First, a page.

Ultra-runner breaks world record in Charleston

Charleston County News

CHARLESTON, S.C. (WCBD) – In early March, Italy went into a strict COVID-19 related lockdown. Citizens leaving their homes had to carry special papers confirming they were out for “essential activities.” Lockdowns of varying degrees followed around the world. As boredom and “cabin-fever” mounted, people searched for ways to fill the time. Some people deep cleaned, some people took up new hobbies, and most of us watched a lot more Netflix than we care to admit. Alyssa Clark, then stationed at a Navy Base in Naples with her husband Codi, found a different way to entertain herself: running a marathon every single day.

What began as a way to count the days in lockdown was originally only supposed to last around two weeks. As the lockdown extended, Alyssa, an avid Ultra-runner, kept going. She says around a month (30 marathons) in, she realized she was halfway to the world record for running the most consecutive marathons, so she decided to keep going.

She ran on a treadmill in her apartment in Italy until it was time for her and Codi to return to the US. Despite the chaos of an overseas move in the middle of a pandemic, she made it work. She ran before her flight from Italy to Germany, on the base in Germany before her flight to the US, and despite the jet-lag, she ran the day she got to Virginia. As she and Codi made their way from Virginia to Florida, where Codi will attend Navy dive school, Alyssa neared the record: 60 consecutive marathons.

We were lucky enough to document her breaking the world record on Saturday, with marathon number 61 in Charleston.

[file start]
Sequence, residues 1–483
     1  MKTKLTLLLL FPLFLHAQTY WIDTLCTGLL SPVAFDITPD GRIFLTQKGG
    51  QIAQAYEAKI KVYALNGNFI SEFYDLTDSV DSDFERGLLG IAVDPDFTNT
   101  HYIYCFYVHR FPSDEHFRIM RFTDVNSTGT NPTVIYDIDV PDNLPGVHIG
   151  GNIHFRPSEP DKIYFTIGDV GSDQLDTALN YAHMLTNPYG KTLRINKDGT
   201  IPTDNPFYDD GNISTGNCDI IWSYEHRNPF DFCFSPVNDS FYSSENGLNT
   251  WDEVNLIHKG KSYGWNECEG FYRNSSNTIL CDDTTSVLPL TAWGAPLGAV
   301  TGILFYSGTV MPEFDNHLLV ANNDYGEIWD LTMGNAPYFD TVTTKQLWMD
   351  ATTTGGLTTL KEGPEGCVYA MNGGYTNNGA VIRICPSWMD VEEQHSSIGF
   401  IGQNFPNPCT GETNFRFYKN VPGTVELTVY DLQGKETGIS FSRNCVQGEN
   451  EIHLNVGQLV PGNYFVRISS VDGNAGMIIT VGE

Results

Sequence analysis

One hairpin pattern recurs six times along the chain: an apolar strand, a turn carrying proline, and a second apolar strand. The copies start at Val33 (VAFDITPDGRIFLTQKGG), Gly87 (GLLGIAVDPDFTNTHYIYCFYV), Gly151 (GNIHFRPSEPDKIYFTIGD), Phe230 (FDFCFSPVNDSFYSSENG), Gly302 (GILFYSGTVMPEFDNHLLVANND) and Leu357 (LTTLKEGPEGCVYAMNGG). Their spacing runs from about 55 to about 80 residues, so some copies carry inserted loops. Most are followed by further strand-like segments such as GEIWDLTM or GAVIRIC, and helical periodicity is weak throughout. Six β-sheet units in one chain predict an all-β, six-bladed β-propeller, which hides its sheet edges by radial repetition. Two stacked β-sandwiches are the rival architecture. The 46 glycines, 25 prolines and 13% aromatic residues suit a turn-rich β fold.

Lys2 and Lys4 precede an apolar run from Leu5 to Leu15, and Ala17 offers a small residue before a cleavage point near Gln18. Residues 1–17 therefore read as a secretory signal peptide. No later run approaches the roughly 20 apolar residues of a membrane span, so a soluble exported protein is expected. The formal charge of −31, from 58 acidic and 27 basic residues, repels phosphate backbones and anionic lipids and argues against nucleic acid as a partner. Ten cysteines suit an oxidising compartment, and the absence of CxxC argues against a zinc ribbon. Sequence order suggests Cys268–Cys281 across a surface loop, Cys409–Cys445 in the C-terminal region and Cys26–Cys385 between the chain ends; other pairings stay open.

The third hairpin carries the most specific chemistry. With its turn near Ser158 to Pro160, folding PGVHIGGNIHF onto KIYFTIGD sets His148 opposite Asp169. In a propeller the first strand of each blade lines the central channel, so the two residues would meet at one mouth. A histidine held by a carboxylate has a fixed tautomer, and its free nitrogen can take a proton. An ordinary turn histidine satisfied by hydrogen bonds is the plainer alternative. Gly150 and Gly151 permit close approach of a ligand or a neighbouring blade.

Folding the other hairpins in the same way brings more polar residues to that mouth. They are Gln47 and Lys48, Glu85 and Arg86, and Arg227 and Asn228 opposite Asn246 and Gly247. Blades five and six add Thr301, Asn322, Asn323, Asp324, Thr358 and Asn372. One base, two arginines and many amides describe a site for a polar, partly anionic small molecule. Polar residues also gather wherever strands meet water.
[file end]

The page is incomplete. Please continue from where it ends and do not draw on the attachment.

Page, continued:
A Vermont native, Alyssa has lived and run in some of the most beautiful places imaginable, including Hawaii and Italy. She said that the route she took on Saturday, from the Isle of Palms, across Sullivan’s Island, through Old Mount Pleasant, over the Ravenel, down to the Battery, ending at Marion Square, was one of her favorites.

Always in good spirits, she said the humidity made her muscles feel loose. She said that she felt like a baton, being handed off at each leg of the marathon to a new running buddy, and she was so grateful for the support. She finished her run smiling, hardly even out of breath.

We asked Alyssa if and when she will ever stop. She said she wasn’t sure, but she was aiming for around 75 marathons. What she did know for sure, is that she will never upstage the king of running himself, Forrest Gump. She vowed that no matter what, she will not run consecutively for more than three years.

According to Alyssa, the purpose behind her runs was to inspire people and remind them that they can better themselves even in such dark times. A genuinely friendly and compassionate person, Alyssa recognized that her achievement was coming at a time of serious pain for many Americans. She wanted to keep doing what she loves, but acknowledge and honor the struggles we are facing.

Just hours after Alyssa broke the world record, protests and riots over the death of George Floyd broke out in Charleston. The next morning, Alyssa dedicated her marathon to “those who have lost their lives” and to the hope that we can be better.

Alyssa closed out her 63 marathon and 1,650.6 mile on Monday, with a very appropriate message for runners and the world in general right now: “there are still steps to be taken forward and a few more marathons to run. There is still work to be done. One day at a time. One hour at a time. One minute at a time. One step at a time. We keep moving forward. With love to all.”

UPDATE: Alyssa has now completed 75 consecutive marathons as of June 15th. Congrats, Alyssa! Thank you for inspiring us all to be our best selves.

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